Do you have a sibling with a severe or untreated mental illness? Do you know someone who does?Today we’re going to listen to the story of Sandra Laing, the younger sister of a woman who suffered from a horrible history and severe mental illness. She currently lives in the UK and shares her story and educates us about her personal experience with what some might call “trauma.”
Most families experience great stress, confusion, and uncertainty when a family member experiences a mental illness. Even families with children who have developmental disabilities (e.g., autism, sensory processing disorders, or learning disorders) find themselves overwhelmed with a diagnosis. Could you please explain the beginning of your journey and how you accepted the diagnosis?
- My sister was 10 when she was kidnapped on her way to the shops for some sweets. The police were informed after a couple of hours had passed. It wasn’t like her to just disappear like that. The police found her bike. It had been tossed over a hedge but, no sign of her. 10 days later a fisherman reported spotting a little girl underneath a bridge close to our home, he said she was naked and freezing. It was my sister. She said that three men had grabbed her into a car, taken her somewhere where they held her and repeatedly assaulted her. I was only 8 at the time and didn’t really understand what had happened, I thought she was just acting a bit weird. I remember her being admitted to hospital and told that she was having a nervous breakdown. Each time we went to visit she seemed to be getting worse. No one knew what to do with her. It wasn’t till much later that a different doctor said he may be able to help. My parents said they would be happy to let him try. By the time he took over her care she had been in a secure unit for about 9 years. It was then she was diagnosed as manic depressive, now known as bipolar When she first went missing I was only 8 so by the time we got her diagnosis it was no big surprise for me.
What was the most difficult part of this life change for you and your family?
- For me the most difficult part of the change was, not understanding what had happened. No one would speak about it. All I really remember about that time was being looked after by other family members and friends while my parents just sat around crying. After that my sister went to a school for people with special needs and we just accepted that, that was the way things were going to be.
Do you think siblings process a mental illness of a family member differently than the parent(s)? Do you think it’s harder to accept?
- I found that after the diagnosis things got better for us all. My sister was put onto priadel and methylene blue and the change in her was amazing. Within weeks she was back home with us. she was different to what she had been before all of this happened, but, we got her back home and she was doing ok. That was the most important thing at the time for me anyway. I think my parents found it much harder. They never really spoke to us about it. It was just something that became part of our lives.
Did you see changes within and outside your family due to this diagnosis?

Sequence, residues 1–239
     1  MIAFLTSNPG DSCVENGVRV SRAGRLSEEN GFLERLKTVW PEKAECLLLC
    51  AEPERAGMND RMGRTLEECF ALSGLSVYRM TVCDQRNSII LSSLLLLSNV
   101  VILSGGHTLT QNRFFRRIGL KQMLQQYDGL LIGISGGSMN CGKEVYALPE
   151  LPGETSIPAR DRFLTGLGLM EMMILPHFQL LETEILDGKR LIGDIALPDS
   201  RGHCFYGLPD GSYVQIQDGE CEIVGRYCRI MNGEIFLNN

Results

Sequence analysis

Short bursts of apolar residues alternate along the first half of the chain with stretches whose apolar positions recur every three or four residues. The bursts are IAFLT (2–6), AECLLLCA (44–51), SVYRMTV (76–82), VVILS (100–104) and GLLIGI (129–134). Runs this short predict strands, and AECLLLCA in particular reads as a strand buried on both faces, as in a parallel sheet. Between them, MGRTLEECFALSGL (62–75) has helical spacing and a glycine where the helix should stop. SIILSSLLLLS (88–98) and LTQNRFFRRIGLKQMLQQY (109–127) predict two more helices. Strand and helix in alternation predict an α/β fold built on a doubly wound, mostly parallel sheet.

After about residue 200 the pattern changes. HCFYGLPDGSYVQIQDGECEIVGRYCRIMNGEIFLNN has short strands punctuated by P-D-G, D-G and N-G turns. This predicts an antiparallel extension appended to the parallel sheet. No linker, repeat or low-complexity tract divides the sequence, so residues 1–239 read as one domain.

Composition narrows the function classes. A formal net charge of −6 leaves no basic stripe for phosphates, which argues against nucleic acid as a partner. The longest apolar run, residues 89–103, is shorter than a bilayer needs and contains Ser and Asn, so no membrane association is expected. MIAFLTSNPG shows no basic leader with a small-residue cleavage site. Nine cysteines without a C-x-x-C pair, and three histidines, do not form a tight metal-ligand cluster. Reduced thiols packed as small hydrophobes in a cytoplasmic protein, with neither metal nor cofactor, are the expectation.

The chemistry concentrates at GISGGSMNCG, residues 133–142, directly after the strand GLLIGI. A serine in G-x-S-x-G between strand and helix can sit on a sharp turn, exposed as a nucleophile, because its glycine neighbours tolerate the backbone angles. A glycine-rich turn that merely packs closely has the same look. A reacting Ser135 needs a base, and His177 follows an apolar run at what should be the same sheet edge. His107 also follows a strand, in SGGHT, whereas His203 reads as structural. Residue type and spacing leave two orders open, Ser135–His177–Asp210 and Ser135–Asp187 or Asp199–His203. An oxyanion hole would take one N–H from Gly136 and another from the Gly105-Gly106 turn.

- Our family did change after that. I can’t say exactly how it changed but it did. Things were just different. Our youngest sister seemed to have the most difficult time dealing with it all. It was like she was embarrassed by the way our sister was. She refused to go anywhere with her. It was always me who took her out anywhere. The stress it put on our parents was immense. Where is she, is she ok, has something happened. That worry never left them and after she went missing for a second time, it just seemed to reinforce that worry. Some of our extended family began saying things like, she never got that form our side of the family, there’s nothing wrong with any of us. Relationships definitely changed.
How did you learn about the illness? Did you do your own research?
- I was 17 when the diagnosis was finally made. At that time there was no internet so what I learned about the illness I got from my parents and from books.
What was the hardest part about working with the system for your family?
- The hardest part about working with the system was trying to make them see that, we knew her better than they did. We always got the, “we are the professionals” stand from everyone involved in her care. They always thought they knew better. Prescribing “prn” or as required medication that never worked for her was one of the main problems. No one listened to us, the people who knew her and lived with her every day.
Did you feel supported by the system or did you feel services were all about “business only?”
- I have never felt supported by the system. It felt like we were treated like idiots who did not have a clue. We were constantly at loggerheads with them, some of the things they subjected my sister to were horrendous. This continued until her death.
Were resources offered to you or did you have to ask questions to find your way?
- We were offered various services for her like. A free bus pass and a taxi card, various groups that she could attend, residential care and respite. That was all really, for the most part as long as she was ok, we were left to it.
How about your overall outlook on life, how has that changed?
- It has made me realize how fortunate I am and it has made me determined to improve things for the other people like my sister. That is why I am campaigning for the laws to be changed. Each and every person deserves respect, dignity and true freedom of choice and I won’t be happy until I see that everyone is getting that.